Bodybuilding.com has great tutorials on which exercises you need for what you want to achieve as well as introductions to weight training and how to do it. http://www.bodybuilding.com/fun/training.html

This website provides great pictures on how to do different exercises: http://www.weight-training-exercises.com/

Challenges to train for:

5k Pretty Muddy: http://raceforlife.cancerresearchuk.org/types-of-event/pretty-muddy/index.html

Men’s Health Survival of the Fittest: http://www.mhsurvival.co.uk/

Tough Mudder: https://toughmudder.co.uk/


Something that I definitely need to get back into and would recommend to everyone. Kickboxing is great if you need to release some stress or anger. It’s great fun and a great workout that helps with your co-ordination, strength and confidence. You may be surprised just how good you feel after hitting those pads!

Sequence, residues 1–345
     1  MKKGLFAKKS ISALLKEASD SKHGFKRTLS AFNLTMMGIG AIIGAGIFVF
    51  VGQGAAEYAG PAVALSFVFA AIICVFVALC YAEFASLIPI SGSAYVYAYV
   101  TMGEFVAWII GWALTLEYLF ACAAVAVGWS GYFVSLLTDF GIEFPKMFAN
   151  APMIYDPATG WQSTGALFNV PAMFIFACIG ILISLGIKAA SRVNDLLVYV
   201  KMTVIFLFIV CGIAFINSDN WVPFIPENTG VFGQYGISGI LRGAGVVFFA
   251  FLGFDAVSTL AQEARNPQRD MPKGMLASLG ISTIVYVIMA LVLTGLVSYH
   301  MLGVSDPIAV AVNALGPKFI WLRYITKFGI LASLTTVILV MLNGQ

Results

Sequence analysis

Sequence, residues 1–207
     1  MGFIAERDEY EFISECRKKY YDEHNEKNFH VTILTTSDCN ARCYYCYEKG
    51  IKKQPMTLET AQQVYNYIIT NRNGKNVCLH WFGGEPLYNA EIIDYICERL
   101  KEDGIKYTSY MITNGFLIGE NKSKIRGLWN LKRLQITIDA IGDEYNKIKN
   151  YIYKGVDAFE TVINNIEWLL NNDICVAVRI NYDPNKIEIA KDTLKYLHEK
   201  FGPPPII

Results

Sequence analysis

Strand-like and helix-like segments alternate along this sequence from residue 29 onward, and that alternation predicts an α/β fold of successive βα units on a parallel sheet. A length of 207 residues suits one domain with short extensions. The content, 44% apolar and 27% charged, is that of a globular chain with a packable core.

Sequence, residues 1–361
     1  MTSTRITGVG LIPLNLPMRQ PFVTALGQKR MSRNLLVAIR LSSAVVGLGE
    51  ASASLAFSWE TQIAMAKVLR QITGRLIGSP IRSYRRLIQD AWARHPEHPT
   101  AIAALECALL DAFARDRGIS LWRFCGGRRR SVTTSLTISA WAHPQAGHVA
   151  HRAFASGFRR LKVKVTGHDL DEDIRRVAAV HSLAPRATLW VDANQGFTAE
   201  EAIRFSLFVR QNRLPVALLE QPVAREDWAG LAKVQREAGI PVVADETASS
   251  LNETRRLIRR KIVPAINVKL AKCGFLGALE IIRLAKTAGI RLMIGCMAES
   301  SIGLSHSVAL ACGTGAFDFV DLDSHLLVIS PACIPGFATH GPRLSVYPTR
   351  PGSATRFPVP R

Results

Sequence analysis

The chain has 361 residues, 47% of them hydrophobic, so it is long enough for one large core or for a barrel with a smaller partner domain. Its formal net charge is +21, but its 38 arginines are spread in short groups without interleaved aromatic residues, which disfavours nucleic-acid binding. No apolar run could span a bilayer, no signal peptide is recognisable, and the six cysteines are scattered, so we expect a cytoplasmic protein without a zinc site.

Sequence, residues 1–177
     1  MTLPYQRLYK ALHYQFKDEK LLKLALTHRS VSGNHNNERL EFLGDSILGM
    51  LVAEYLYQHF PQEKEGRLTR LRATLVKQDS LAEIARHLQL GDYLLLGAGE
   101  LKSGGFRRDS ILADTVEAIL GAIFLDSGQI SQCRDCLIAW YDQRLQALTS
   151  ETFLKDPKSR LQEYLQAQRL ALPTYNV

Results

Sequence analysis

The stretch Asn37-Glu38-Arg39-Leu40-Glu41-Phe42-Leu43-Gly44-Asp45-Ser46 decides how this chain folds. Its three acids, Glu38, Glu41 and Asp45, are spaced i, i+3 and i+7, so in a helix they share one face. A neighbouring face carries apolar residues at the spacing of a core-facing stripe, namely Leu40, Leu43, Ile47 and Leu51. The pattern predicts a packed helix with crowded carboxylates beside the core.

Good for those whose knees are a bit weak or want strong leg muscles! I’ve had to do a lot of cycling to make my legs stronger to help my knees out. You can choose to go on a nice long cycle on a low gear with minimal effort, or you can go on a quick cycle on a much higher gear for an intense workout. If you cycle outside, it’s a great way to find some excellent places that you may not have known about before. Inside the gym, I find it’s a great as a warm up for the session ahead or a nice place to read a book whilst you go on a slow long cycle.

Challenges to train for:

Coast to Coast: http://www.globaladventurechallenges.com/uk/uk-coast-to-coast-cycle/

London to Paris: http://london2paris.co.uk/

Obviously the list of exercises don’t end there and there are plenty of other challenges available. If you’re thinking of starting something new, look up information about the local area. You’d be surprised how many sports groups and activities take places. One great website that connects people with other like minded people is http://www.meetup.com/. Once you sign up you have access to a wide variety of activities and sporting agendas!

If you’re looking for a gym to go to, I recommend The Gym , http://www.thegymgroup.com/. You can either buy a day pass for around £6 or join for a monthly fee. For me they were the cheapest I could find, open 24 hour and you can freeze your monthly payments if you’re running low on cash.